Two of the other clinical features we have analyzed were different between HLA-B27 positive and negative patients with RA. The first was the prevalence of RF, which was less common in HLA-B27 positive patients. It was accompanied by a trend to lower prevalence of ACPA. This result could imply either association of HLA-B27 with RF seronegative RA or misclassification of patients. The latter possibility can be reasonably excluded because we only found a patient with SpA among the 41 that were specifically revised. In addition, the HLA-B27+ RF- patients were not different in any respect from the HLA-B27- RF- subgroup. For example, the HLA-B27+RF- and B27-RF- patients were comparable at percentage of ACPA+, 26.7 % vs. 25.6 %, erosive arthritis, 51.7 % vs. 45.7 %, or percentage of carriers of SE, 44.4 % vs. 43.1 %, respectively. This leaves us with the possibility that HLA-B27 could be a susceptibility factor for RF seronegative RA. Only studies in additional sample collections will be needed to clarify this matter.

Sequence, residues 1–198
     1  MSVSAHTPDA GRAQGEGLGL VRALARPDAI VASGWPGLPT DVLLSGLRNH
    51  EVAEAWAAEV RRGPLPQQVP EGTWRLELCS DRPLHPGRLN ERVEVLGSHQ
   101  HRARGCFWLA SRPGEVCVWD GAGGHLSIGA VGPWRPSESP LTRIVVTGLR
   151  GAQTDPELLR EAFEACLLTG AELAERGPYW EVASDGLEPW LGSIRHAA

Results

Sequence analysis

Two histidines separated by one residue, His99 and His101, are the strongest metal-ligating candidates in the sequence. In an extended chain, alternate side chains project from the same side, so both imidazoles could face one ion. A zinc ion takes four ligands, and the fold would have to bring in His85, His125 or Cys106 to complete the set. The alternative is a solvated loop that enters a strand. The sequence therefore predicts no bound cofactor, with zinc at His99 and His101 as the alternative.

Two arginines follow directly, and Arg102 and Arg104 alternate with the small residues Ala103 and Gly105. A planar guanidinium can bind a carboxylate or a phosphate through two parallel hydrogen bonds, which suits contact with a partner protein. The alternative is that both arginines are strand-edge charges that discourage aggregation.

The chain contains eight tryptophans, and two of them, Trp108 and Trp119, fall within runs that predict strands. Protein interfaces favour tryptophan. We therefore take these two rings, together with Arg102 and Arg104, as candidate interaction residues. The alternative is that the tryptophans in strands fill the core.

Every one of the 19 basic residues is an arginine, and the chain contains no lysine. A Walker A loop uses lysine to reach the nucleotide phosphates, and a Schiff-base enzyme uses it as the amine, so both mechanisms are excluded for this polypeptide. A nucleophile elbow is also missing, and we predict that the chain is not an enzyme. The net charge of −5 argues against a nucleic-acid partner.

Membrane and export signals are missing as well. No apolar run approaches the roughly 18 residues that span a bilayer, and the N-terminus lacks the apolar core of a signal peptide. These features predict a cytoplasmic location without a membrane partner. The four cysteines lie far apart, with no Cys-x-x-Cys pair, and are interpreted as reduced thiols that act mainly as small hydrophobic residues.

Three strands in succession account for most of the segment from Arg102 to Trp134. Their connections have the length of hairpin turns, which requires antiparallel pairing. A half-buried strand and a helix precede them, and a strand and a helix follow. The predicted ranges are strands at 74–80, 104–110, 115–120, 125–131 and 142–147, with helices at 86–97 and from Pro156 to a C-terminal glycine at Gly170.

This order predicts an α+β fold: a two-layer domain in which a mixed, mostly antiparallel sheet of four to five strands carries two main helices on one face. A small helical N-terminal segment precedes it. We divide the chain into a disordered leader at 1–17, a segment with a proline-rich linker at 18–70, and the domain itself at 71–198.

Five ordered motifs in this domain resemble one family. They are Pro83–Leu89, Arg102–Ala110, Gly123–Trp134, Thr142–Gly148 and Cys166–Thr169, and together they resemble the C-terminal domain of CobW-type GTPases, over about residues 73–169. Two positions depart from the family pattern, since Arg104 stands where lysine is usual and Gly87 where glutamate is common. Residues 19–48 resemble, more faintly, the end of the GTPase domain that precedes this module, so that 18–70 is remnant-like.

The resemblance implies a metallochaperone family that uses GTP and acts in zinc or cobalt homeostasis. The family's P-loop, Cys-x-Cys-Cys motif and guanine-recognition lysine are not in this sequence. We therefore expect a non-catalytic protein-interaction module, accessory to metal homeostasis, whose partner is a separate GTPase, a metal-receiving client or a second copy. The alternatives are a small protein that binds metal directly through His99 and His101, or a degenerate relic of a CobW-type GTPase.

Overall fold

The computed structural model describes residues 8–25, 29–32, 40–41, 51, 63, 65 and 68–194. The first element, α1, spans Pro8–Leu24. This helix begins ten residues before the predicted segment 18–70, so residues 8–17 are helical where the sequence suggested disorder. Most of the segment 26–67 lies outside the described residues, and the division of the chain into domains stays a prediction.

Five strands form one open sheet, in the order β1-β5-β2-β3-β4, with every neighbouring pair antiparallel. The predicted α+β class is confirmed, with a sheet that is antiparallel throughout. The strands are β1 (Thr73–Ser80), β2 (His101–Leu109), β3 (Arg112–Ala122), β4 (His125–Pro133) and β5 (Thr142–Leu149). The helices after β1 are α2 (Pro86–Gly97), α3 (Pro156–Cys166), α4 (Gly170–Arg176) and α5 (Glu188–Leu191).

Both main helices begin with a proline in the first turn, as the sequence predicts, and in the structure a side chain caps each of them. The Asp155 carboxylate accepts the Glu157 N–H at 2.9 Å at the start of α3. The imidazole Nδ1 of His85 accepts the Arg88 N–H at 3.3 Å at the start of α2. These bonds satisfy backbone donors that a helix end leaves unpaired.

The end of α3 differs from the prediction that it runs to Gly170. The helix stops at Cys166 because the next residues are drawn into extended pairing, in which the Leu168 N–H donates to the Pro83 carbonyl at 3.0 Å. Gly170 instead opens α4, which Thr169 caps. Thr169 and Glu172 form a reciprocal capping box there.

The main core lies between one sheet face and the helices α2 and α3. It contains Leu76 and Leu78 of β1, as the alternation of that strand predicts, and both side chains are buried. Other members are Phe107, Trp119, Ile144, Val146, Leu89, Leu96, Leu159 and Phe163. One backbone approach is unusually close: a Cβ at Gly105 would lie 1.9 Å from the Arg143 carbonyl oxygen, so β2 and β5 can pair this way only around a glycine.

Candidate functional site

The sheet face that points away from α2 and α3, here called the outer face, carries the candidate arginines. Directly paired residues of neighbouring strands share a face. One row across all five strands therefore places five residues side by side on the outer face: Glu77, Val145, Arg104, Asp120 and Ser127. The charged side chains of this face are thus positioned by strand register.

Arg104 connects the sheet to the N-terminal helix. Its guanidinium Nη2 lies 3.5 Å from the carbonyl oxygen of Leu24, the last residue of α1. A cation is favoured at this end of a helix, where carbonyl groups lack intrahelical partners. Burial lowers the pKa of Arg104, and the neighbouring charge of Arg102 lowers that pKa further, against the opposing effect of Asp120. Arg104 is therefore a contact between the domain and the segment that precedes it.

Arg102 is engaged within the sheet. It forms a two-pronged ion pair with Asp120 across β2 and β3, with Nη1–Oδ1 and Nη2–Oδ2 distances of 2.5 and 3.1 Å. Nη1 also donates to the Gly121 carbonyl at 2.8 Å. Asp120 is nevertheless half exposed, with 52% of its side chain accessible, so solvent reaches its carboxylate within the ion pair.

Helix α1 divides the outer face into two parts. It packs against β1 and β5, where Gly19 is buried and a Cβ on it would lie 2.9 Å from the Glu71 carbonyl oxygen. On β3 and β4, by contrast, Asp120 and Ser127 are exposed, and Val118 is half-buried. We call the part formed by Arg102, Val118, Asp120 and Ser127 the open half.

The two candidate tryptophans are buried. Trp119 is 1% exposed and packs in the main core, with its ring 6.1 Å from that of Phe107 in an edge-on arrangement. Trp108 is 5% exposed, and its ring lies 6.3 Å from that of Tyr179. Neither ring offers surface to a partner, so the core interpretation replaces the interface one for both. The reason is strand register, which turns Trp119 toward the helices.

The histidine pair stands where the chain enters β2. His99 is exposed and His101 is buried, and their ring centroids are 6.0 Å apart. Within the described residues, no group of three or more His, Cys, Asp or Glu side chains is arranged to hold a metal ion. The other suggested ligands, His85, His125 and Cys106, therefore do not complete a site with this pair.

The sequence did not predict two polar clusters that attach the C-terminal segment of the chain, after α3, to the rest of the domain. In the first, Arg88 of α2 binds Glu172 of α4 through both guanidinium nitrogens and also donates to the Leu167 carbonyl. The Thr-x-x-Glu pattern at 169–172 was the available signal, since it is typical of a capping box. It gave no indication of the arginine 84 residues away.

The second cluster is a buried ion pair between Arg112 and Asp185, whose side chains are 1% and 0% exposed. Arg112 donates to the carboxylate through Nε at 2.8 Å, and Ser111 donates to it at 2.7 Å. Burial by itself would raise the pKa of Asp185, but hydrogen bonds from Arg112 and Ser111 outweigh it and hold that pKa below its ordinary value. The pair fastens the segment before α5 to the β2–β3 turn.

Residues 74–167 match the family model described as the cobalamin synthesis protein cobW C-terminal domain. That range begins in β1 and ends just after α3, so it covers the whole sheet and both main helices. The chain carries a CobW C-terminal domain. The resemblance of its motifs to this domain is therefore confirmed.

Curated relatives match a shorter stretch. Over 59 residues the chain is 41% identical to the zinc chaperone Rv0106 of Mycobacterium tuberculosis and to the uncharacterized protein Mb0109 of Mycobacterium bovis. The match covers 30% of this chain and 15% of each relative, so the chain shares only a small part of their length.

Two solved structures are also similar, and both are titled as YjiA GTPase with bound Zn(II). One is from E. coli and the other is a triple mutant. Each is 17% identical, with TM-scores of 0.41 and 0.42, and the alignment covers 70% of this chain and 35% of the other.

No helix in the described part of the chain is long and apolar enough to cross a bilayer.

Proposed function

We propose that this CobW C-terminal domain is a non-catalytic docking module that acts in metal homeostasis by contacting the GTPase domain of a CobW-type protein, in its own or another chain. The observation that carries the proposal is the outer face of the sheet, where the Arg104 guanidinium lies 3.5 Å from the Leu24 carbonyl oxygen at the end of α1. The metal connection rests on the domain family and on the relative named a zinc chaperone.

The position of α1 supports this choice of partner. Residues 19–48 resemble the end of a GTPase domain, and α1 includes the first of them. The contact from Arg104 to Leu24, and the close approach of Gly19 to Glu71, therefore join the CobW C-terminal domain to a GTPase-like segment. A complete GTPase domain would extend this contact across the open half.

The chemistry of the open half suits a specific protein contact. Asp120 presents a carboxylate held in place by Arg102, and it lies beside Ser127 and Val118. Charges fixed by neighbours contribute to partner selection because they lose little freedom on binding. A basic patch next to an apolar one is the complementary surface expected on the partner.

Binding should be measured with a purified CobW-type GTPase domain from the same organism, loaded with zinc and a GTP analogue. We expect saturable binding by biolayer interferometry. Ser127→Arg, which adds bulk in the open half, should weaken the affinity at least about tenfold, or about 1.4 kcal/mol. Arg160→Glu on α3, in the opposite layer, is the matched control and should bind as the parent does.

An increased prevalence of low back pain was also associated with HLA-B27 in the patients with RA. This outcome from the anamnesis was combined with the identification of two patients with radiographic sacroiliitis among the patients with inflammatory low back pain. The two results are in agreement with the idea that HLA-B27 could modify RA towards the axial joints. This idea is supported by previous studies showing association between sacroiliitis and HLA-B27, both in HLA-27-associated diseases [17], [19], [20], [21], and in some non-associated diseases [22], [23], [24], [26] including RA [10], [12], [13]. In fact, this is the unique association with HLA-B27 that has been replicated in different RA studies. However, two previous studies did not found differences in the sacroiliac joints between HLA-B27 positive and negative patients with RA [47], [48]. These findings should motivate new studies directed to the analysis of low back pain and to the identification of sacroiliitis. MRI will be the technology of choice for these studies because it is very sensitive for incipient changes in the sacroiliac joints [29], and it could provide more definitive results than radiography given the small size of the HLA-B27 positive subgroup.